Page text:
The GEMBA curriculum also covered leadership and management in depth. Leadership is especially critical when you are in an industry as unpredictable as cannabis, filled with uncharted waters and unclear laws and regulations. For example, because so much of cannabis is still ‘unwritten,’ I had to learn to simply experiment a lot and see what works. Dr. Rick Larrick, for example, teaches that a lot of company milestones were reached not by sophisticated business plans, but by organic evolution. This doesn’t mean that you do nothing and simply hope to make it big. Rather, that stumbles forward are still progress in the right direction, and the skill to adapt and course-correct will set you apart.

Another lesson that was ingrained in me is this deep, basic need for people to feel safe. Dr. Sim Sitkin touches on this in his Six Domains of Leadership, and how Supportive Leadership, one of the Six Domains, “gives the team the protection it needs to accomplish its tasks.” As the cannabis industry can be a roller coaster, I try to find ways to communicate often, neutralize what volatility that I can in their worlds, and introduce more predictability into their tasks and systems. Additionally, security can be more profoundly felt by fostering a diverse and inclusive workplace. As of September 2020, 85% of our company are people of color, but we still have more work to do.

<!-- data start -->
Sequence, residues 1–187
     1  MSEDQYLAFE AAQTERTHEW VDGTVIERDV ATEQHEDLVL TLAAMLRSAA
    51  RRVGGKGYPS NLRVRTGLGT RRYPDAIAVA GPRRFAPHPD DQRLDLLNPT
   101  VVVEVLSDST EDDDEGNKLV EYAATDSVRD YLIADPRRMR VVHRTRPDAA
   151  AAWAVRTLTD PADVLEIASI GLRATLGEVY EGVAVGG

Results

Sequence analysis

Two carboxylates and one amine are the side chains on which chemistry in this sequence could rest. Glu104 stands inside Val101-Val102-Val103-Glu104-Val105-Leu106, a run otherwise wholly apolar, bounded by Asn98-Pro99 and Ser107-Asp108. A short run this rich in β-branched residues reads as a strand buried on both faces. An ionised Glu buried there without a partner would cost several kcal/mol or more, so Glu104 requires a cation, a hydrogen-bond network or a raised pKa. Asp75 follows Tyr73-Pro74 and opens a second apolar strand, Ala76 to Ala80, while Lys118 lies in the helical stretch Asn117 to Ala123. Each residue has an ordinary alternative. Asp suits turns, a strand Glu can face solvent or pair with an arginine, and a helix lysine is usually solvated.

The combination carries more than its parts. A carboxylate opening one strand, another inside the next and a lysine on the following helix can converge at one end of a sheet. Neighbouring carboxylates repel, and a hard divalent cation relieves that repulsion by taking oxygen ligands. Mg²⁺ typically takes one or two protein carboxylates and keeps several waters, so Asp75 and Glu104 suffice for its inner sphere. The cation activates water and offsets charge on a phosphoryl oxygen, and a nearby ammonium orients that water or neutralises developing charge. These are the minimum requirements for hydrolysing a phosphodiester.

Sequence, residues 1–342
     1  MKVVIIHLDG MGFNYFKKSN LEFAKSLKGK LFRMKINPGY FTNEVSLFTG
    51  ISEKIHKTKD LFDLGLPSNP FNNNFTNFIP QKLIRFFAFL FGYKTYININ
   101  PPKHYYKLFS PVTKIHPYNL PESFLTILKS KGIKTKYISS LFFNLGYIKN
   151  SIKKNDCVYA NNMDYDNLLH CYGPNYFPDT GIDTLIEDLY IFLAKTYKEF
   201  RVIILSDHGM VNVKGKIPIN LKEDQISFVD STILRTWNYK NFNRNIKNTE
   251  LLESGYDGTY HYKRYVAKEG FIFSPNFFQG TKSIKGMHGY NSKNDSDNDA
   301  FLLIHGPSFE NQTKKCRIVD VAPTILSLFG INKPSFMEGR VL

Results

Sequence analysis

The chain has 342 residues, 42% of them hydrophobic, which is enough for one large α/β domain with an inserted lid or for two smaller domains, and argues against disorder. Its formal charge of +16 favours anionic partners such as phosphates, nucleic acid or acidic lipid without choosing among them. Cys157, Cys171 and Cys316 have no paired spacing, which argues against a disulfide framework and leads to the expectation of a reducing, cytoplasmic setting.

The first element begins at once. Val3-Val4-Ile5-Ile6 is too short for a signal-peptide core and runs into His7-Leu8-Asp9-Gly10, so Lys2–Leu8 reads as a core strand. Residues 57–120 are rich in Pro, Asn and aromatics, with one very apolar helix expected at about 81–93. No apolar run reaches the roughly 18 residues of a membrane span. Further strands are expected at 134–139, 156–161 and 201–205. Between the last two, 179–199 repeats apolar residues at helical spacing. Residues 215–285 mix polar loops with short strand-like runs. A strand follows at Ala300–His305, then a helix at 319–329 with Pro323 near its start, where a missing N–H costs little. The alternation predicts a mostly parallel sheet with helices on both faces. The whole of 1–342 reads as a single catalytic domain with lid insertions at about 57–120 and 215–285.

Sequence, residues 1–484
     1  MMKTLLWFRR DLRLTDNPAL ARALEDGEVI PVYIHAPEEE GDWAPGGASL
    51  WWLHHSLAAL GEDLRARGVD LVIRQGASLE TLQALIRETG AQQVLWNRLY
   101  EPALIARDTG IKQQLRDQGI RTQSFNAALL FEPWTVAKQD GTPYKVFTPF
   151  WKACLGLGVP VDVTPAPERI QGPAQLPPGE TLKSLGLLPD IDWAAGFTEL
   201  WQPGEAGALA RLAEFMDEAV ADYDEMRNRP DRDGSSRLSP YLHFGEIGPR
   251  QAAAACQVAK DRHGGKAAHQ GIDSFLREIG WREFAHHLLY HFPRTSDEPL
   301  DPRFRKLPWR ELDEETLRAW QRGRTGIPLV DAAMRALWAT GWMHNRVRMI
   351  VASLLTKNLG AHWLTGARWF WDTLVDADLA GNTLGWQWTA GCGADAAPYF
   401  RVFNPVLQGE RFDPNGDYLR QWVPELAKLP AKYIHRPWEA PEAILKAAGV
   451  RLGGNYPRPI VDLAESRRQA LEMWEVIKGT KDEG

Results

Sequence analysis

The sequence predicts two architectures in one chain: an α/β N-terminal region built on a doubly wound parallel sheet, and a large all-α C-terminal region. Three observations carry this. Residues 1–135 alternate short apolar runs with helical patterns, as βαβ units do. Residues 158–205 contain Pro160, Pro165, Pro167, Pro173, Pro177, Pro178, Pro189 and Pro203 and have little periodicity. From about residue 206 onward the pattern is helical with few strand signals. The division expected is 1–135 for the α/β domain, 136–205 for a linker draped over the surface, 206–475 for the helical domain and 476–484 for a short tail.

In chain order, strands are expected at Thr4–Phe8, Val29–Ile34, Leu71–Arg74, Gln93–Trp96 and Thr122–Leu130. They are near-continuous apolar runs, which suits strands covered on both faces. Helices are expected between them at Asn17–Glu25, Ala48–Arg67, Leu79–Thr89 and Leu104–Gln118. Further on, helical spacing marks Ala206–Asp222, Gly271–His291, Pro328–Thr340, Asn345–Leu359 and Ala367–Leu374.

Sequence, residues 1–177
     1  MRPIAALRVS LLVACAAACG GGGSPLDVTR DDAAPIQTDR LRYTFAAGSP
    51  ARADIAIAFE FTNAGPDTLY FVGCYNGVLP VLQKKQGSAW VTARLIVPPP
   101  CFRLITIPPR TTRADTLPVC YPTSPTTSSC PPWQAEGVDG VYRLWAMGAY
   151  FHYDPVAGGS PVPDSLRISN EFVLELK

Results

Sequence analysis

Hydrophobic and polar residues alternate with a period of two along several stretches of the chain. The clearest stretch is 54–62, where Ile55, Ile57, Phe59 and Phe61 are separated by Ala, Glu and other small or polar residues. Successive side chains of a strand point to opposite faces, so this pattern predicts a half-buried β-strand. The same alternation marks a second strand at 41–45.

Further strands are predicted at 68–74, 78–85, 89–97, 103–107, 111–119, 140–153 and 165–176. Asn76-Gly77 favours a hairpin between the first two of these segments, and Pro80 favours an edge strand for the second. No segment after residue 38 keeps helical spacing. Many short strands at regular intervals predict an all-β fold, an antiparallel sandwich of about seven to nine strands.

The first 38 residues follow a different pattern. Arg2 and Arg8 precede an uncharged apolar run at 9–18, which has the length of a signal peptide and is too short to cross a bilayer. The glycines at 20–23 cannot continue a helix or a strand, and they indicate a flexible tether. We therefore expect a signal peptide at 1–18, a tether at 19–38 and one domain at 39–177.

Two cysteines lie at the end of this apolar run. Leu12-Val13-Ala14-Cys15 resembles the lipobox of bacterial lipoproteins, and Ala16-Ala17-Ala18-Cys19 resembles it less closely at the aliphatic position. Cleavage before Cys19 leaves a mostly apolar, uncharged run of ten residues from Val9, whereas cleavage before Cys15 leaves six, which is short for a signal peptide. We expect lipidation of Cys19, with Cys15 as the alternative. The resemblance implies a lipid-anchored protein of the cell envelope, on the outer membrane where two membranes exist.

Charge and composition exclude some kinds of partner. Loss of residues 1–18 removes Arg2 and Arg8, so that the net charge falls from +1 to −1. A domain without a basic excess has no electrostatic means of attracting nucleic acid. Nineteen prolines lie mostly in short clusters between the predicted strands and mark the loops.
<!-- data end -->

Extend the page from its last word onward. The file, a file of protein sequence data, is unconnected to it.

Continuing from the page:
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The Decency Quotient

There is one more lesson from Fuqua that grounds us all: decency. Your decency quotient, or “DQ” as Dean Bill Boulding calls it, is just as important as your IQ and EQ. DQ is about an authentic desire to care for one another, which I think is especially needed in today’s world. The world, especially cannabis, could use more compassion, and I try to anchor my decisions every day with this in mind.

I am proud that the company I work for, Shryne Group, is just as committed and are supporters of the Last Prisoner Project, a non-profit committed to bringing restorative justice to the cannabis industry. We believe that cannabis leaders, especially those profiting from it, have a moral obligation to help free those imprisoned by cannabis offenses which are now legal in most states. We still have a long way to go, including helping those with prior cannabis arrests or convictions, find meaningful careers and opportunities in the cannabis industry. Social equity programs mark an effort to help make this a reality, and it means a lot to me that my company is partnering with social equity applicants to do just that and help change lives for the better. I don’t know of any other industry that is this deliberate in creating opportunities for those that didn’t have them prior.

Participating in a protest to activate all Asians and allies to stand up and fight back against hate crimes and racism

Cannabis isn’t just a business—it is a powerful movement and community, and I am so honored to be a part of it. Both GEMBA and this industry have given me more opportunities and experiences than I could never have pictured for myself. I get to work next to the best of the best in the game and play an active role in shaping strategies and giving back. I am having the time of my life in the cannabis industry, and my GEMBA experience has made all the difference.